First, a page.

Give me a break.
    If government policy contributed 10% to the financial crisis, then they are at least that much to blame. So what single person is more responsible for this mess than Barney Frank?
    “(3) Several of the largest financial institutions currently in trouble do not have a significant number of redline district loans.”
    Fannie Mae and Freddie Mac

  17. They argue that they must be allowed to earn more than that. Because after all, the people who run those businesses are special. They’re “the best and the brightest”. They’re extra-smart. No one else could possibly run those businesses.

    Well, they can’t really say out loud that the real problem is attracting and retaining smart people with sufficiently questionable ethics.

  18. WW:
    you seem to have a problem with understanding, and with fundamental honesty – so does mike.
    continuing to claim that the government forced the big banks to engage in the things that brought them down is false, it’s been shown to be false, and continuing to claim otherwise is, simply put, a bold-faced lie.
    So is
    “The bridge was being repaired when it collapsed.”
    Make it up as you go, William? The bridge was on a schedule of repeated inspection, and had been noted as being structurally deficient and in need of replacement in 2005. It was scheduled to be replaced by 2020, but (I’ll type slowly, so you have a chance of understanding it) no repair work was being done on it when it collapsed. Quote:
    In December 2006, a steel reinforcement project was planned for the bridge. However, the project was canceled in January 2007 in favor of periodic safety inspections, after it was revealed that drilling for the retrofitting would in fact weaken the bridge. In internal Mn/DOT documents, bridge officials talked about the possibility of the bridge collapsing and worried that it might have to be condemned
    Gosh, it was Republican Governor Pawlenty who postponed the work. (Is he responsible for the collapse? Of course not – but your stupid accusation is equally false).
    The NTSB study concluded the problems were due to design flaws.
    Mike and William seem to be taking up the old Reagan procedure: when you don’t like reality and facts, make up your own facts and tell bald-faced lies. They just aren’t as polished as he was.

  19. So the regulations didn’t affect housing because you say so and the people who claim otherwise are “right-wing liars”?
    Nobody has ‘shown’ that Frank’s regulations did not affect or cause the housing crisis. Mark was just ridiculously saying that numbers like 10% are insignificant because they are small.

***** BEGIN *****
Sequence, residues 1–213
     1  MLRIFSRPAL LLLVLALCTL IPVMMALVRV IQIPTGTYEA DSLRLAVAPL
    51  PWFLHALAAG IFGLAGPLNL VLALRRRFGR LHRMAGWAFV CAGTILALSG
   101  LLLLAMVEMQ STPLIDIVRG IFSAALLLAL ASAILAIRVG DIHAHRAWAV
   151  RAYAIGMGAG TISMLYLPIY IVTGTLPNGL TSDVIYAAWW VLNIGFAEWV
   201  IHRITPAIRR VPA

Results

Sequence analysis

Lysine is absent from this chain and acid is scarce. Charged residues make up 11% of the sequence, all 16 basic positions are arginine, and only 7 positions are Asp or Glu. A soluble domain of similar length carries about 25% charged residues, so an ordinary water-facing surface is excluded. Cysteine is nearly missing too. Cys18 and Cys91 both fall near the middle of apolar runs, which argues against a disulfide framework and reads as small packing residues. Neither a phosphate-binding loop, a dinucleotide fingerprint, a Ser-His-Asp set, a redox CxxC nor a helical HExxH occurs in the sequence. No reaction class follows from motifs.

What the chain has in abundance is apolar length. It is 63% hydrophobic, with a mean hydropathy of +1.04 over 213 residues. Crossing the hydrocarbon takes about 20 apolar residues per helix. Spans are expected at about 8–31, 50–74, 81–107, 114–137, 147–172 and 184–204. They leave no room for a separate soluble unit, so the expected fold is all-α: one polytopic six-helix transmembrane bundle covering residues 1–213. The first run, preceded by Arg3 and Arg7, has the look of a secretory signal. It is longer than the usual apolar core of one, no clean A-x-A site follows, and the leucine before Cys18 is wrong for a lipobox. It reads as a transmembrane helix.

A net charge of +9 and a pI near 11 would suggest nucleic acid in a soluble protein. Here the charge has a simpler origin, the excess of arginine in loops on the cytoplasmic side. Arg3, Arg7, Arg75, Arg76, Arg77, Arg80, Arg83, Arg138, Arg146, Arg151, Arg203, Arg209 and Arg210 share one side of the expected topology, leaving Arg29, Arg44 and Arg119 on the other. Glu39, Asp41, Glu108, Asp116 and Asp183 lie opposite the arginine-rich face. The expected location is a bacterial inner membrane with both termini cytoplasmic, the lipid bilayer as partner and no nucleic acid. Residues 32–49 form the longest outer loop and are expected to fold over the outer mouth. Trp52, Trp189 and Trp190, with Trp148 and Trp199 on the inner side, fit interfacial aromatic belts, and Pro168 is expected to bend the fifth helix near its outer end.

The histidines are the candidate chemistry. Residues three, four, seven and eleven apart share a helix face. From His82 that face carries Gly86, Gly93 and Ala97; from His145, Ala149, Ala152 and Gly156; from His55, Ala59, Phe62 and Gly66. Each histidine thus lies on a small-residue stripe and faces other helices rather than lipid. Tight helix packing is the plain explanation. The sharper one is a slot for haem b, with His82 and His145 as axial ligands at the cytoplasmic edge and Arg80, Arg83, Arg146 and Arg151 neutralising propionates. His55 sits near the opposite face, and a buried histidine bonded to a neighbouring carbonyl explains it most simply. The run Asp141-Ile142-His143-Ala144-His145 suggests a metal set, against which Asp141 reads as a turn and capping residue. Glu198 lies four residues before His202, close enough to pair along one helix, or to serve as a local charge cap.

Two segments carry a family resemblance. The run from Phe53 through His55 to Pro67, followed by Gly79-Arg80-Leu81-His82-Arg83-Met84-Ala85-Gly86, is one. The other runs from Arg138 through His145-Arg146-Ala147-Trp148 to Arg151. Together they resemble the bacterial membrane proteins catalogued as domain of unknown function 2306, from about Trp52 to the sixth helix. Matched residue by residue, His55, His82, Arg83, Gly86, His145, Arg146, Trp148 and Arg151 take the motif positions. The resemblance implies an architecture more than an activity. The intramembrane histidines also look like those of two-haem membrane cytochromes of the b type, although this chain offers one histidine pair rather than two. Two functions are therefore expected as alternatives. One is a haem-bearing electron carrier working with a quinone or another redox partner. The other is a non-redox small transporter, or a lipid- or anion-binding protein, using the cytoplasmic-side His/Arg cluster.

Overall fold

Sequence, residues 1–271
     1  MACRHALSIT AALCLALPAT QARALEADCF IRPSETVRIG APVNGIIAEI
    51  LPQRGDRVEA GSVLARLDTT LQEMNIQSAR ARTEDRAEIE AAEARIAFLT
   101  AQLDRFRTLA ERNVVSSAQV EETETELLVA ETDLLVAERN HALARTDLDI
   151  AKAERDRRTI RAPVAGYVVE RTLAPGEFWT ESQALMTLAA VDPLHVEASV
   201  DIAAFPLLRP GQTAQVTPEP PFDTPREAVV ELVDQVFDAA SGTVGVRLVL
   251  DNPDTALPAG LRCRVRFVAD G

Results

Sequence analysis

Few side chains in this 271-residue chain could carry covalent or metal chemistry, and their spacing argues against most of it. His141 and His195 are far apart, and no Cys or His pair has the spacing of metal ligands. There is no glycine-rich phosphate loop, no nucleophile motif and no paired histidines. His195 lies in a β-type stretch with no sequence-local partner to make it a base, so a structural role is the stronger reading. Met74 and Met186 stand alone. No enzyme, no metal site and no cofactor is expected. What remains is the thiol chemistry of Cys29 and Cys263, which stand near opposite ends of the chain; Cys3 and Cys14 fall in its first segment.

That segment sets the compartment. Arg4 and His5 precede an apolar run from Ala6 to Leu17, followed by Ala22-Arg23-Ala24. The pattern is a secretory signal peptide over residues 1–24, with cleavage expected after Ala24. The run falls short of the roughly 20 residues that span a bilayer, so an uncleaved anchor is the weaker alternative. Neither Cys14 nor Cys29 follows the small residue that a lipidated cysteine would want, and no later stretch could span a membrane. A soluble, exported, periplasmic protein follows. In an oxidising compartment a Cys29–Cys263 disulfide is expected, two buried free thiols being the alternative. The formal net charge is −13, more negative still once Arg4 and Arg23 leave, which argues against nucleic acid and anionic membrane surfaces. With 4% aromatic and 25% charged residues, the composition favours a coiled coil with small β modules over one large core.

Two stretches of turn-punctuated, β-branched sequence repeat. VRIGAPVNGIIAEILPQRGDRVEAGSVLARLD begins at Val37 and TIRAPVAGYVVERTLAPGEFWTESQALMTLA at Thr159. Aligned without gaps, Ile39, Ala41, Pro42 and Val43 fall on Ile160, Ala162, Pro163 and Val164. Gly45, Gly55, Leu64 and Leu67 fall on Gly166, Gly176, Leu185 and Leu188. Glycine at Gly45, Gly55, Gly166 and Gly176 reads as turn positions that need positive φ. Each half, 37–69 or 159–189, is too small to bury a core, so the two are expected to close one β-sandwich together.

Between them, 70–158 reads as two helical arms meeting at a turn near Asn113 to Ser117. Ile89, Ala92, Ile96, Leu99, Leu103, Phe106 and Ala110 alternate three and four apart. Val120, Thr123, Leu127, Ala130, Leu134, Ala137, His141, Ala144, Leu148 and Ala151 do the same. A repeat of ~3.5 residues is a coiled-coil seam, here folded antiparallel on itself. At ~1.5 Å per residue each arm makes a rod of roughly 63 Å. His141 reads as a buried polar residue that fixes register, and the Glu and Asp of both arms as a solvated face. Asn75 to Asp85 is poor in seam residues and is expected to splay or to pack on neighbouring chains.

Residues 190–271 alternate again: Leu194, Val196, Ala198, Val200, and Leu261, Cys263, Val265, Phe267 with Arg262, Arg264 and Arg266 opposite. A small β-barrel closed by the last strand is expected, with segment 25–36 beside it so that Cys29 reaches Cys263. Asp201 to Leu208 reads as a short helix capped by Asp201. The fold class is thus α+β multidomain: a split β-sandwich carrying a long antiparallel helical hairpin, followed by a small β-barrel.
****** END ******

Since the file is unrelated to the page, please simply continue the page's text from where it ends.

In my view, many American Liberals here are lying with numbers. The root of the problem was that since government regulations were enacted people were given loans they could not afford. Thus the root of the problem is not the people who gave out the loans but the governing body that pressured the lenders.
    It’s ludicrous to judge Frank’s regulations by their wording and thus claim that they did not change the qualifications, for they had they stated goal of getting loans to more minorities regardless of qualifications.
    If a Young-Earth Creationist writes a bad mathematical proof of the Earth’s young age that didn’t mention God, Mark and any reasonable person would still call that Creationist garbage because of its intent. Similarly if the government enacts legislation designed give loans to people who don’t qualify without specifically mentioning qualifications, we should recognize it as racist garbage.

  20. I never said that 10% was insignificant because it was small.
    But if only 10% of the current mortgage failures are coming from traditional redline districts, then claiming that the entire disaster is the fault of those 10% is, frankly, ridiculous. Pretending that 10% of the failures are the entire problem, and that the other 90% don’t count – that’s ridiculous.
    Further, you need to look at what redlining *really* meant, and what the *real* effect of the anti-redline regulations have been.
    Redlining meant that on the basis of race or the racial makeup of the neighborhood, people who qualified for loans by objective financial standards – on the basis of
    income, assets, credit rating, and assessed value of home – were *denied* loans.
    Redlining meant that someone with an $50,000 income, buying a home with an assessed value of $100,000 with a 20% downpayment would get a loan if they were white and they were moving into a white majority neighborhood – but that someone with the same income, the same downpayment, buying a home worth the same amount of money, would be denied solely because the majority of the people in the neighborhood were black.
    When people like you come along and claim that redlining meant something different, I do presume that there’s something missing from the conversation – and it’s not that some evil liberal wanted to force banks to give out bad loans. It’s good old fashioned racism. Anti-redlining never meant “give loans to people who don’t deserve them”; and if you actually look at the set of failed loans, it’s really pretty clear that anti-redlining didn’t result in that.
    Look across the country at the foreclosures. Compare the percentage of loan failures in white neighborhoods to the percentage of loan failures in formerly redlined neighborhoods. Check the percentage of loans granted in white neighborhoods to the number of loans granted in formerly redlined neighborhoods.
    It just doesn’t add up. The total number of loans – the *total* number of loans! – granted in redline areas – even if *every single one* of them failed, they wouldn’t be enough to cause the current mortgage meltdown. And if you look at the failure rates of the traditional redline districts, compared against loans in non-redline districts for the same home value granted at the same time, you find that there’s no difference.

  21. Mark,